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posted: 6/1/2012 6:00 AM

Bartlett High School grad trades engineering for acting

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  • Once Levenix Riddle took an acting class, "instantly the bug bit and that was it."

      Once Levenix Riddle took an acting class, "instantly the bug bit and that was it."

  • Levenix Riddle, left, plays one of the members of an oddball roller derby team in Pine Box Theatre's "The Jammer."

      Levenix Riddle, left, plays one of the members of an oddball roller derby team in Pine Box Theatre's "The Jammer."
    courtesy of Michael Brosilow

  • Pine Box Theater's roller derby-inspired show, "The Jammer," runs through July 1 at the Athenaeum Theatre in Chicago.

      Pine Box Theater's roller derby-inspired show, "The Jammer," runs through July 1 at the Athenaeum Theatre in Chicago.
    courtesy of Michael Brosilow

 
 

Levenix Riddle is a left-brain kind of guy working in a right-brain kind of profession.

Growing up in South Elgin, Riddle -- Vinnie to his friends -- was a math and science wiz who loved solving problems. The sense of accomplishment that came from uncovering the answer appealed to the Bartlett High School graduate who enrolled in the University of Illinois as an engineering major, graduated from DePaul University with a theater degree and now counts himself among Chicago's working actors.

Inspired by Q in the James Bond films, Riddle initially wanted to be an inventor, perhaps design roller coasters or work with NASA. But his feelings changed after a couple of years and a couple of internships.

"Engineering wasn't my passion anymore," said Riddle, now 26.

His departure from the U of I left his parents less than overjoyed. His decision to pursue acting concerned them even more.

"They thought I was taking the easy way out, that acting wasn't hard work," Riddle said. "They probably thought I was trying to rebel and possibly, in my own way, I was."

He enrolled at Elgin Community College where his right brain began to assert itself.

He took an acting class because it was the exact opposite of engineering, he said, and "instantly the bug bit and that was it."

Although skeptical initially, his mother came around after seeing her son perform at ECC.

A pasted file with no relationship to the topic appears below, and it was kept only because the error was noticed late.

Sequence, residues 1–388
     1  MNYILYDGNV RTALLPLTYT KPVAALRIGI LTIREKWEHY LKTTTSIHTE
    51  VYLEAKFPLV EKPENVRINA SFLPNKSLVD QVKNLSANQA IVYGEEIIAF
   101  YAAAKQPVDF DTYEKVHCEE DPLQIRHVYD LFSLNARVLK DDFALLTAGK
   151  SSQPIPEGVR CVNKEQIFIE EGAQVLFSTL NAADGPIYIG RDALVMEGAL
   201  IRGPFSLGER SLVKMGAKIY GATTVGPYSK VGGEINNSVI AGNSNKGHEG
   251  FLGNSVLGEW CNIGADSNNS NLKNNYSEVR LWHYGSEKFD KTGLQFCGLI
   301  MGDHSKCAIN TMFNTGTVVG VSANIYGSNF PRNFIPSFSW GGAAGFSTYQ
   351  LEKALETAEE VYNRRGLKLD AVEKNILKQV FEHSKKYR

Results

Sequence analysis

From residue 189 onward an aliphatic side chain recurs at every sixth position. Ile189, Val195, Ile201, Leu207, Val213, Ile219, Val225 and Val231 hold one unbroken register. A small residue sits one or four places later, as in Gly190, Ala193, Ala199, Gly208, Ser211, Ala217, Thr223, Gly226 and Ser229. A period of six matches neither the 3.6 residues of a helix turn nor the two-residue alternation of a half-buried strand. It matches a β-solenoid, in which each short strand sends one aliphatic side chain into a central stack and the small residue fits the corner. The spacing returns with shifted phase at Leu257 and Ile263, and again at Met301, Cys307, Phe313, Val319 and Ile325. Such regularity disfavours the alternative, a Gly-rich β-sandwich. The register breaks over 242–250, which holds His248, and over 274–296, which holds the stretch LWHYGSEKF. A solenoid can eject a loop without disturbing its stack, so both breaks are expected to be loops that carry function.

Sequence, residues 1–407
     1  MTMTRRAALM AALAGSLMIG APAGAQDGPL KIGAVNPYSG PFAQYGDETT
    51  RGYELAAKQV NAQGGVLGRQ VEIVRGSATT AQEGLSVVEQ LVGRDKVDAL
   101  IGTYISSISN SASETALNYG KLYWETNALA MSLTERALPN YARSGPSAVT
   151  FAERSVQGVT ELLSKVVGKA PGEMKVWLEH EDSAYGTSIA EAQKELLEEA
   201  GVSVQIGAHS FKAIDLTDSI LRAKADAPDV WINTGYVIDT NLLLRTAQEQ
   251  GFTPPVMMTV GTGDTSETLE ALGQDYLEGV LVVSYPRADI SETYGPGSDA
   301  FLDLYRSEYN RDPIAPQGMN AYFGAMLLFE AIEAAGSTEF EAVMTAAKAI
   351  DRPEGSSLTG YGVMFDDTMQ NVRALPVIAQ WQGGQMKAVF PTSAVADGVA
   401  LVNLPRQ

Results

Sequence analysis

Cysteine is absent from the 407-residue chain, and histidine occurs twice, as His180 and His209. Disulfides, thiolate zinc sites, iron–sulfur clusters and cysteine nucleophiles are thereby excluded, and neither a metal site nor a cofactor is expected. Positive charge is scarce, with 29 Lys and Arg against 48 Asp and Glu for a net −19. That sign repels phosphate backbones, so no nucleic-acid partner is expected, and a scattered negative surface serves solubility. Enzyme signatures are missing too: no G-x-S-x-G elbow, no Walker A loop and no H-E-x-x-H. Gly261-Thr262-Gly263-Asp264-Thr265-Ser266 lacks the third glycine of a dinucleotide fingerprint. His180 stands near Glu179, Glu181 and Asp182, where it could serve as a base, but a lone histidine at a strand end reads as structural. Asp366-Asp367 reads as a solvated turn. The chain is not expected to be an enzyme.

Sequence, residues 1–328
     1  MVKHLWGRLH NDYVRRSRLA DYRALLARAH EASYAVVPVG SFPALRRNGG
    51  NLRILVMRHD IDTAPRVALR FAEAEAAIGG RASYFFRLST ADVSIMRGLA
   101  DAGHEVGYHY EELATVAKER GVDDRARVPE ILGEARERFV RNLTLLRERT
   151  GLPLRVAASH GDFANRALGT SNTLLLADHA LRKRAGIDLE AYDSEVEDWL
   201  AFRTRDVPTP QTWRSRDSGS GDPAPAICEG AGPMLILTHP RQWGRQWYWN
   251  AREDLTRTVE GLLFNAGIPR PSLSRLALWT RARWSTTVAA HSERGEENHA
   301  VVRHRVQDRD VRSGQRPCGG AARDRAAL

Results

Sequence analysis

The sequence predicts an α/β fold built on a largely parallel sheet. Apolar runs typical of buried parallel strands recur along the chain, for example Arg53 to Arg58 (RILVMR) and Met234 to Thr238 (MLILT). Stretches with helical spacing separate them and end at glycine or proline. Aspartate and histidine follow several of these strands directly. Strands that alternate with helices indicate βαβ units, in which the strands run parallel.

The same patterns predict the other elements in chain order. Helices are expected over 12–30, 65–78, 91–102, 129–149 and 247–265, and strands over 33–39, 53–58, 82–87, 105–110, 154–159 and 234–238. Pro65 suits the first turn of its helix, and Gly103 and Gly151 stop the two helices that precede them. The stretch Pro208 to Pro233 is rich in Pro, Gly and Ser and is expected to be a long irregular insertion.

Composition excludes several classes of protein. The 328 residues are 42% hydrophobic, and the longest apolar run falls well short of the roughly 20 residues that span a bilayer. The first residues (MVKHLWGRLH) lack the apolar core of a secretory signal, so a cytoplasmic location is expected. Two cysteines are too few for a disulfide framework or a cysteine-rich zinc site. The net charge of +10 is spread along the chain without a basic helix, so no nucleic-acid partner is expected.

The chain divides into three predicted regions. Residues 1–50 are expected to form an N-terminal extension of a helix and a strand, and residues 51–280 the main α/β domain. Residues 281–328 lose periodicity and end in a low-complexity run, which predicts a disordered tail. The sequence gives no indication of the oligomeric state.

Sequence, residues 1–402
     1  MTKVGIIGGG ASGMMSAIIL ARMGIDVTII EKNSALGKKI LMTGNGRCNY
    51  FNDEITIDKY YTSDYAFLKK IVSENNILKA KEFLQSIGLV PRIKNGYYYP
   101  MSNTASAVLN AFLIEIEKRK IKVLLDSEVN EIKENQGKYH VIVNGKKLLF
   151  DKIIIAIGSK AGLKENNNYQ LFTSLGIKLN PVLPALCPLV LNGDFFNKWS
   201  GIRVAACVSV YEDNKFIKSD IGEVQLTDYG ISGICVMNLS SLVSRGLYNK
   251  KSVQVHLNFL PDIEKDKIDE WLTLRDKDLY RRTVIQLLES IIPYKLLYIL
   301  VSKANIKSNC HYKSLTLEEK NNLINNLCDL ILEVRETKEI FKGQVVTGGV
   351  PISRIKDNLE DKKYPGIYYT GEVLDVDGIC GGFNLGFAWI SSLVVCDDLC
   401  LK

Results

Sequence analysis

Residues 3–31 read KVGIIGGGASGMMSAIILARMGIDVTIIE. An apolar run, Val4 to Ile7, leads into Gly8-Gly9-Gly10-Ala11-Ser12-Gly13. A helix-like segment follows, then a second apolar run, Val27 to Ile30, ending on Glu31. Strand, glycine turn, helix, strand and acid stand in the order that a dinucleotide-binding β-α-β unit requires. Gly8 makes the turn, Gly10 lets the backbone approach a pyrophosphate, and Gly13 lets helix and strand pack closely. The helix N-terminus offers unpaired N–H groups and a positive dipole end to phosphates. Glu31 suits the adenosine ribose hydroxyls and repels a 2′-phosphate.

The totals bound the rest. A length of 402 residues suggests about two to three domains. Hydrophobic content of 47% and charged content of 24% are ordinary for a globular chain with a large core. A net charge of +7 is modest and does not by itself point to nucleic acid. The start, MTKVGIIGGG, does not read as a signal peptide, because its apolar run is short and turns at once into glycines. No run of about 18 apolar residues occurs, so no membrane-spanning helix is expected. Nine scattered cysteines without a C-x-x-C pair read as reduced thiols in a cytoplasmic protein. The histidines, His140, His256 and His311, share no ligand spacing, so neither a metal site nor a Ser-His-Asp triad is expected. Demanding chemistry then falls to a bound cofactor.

"The first time she saw me she said, 'OK, I get it now,'" said Riddle, who's currently appearing in Pine Box Theater's "The Jammer." "It took my dad a little longer to get onboard."

Still, his parents insisted on a college degree, which Riddle says he wanted for himself. Encouraged by his mom, he applied to DePaul. Soon after he graduated last year, he earned his first professional acting job understudying a role in Pine Box's "A Girl With Sun in Her Eyes." He went on several times, once with only three hours notice.

"They were so supportive. It was a great experience," he said of the ensemble led by artistic director Vincent Teninty. "They brought me in and treated me like family."

Roles at Profiles Theatre and Chicago Shakespeare Theater followed. When Pine Box called and offered him a role in its roller derby-inspired "The Jammer," Riddle jumped at the chance.

"I'm really comfortable on wheels," said Riddle, who has been Rollerblading since he was 10 and says it's his primary means of navigating the city.

Set in New York City in the late 1950s, the play doesn't actually require the actors to skate, although theatrical magic makes it appear as if they do. It centers on a young man who joins a roller derby team and meets an array of unusual characters, all of them outcasts who find acceptance and fulfillment in the roller derby.

Riddle said what he most admires about Chicago's theater community is the work ethic.

"I've been lucky enough to be in 50-seat theaters and 500-seat theaters and there's no difference. Everybody works hard to put on a good show," he said. "That workman's mentality has been instilled in me since day one at DePaul. Everyone was trying to put on great work they're proud of and passionate about."

So far, acting has worked out, though it's not the easy path his parents once thought. But for Riddle, surrendering to the right side of his brain has proved immensely satisfying.

Moreover, he still puts his science training to use, breaking down the role, analyzing the script, solving the puzzle of the character. Coming up with that solution, he said, is every bit as gratifying as finding a double integral.

"Every night it's a different puzzle," he said. "Every night a different solution."

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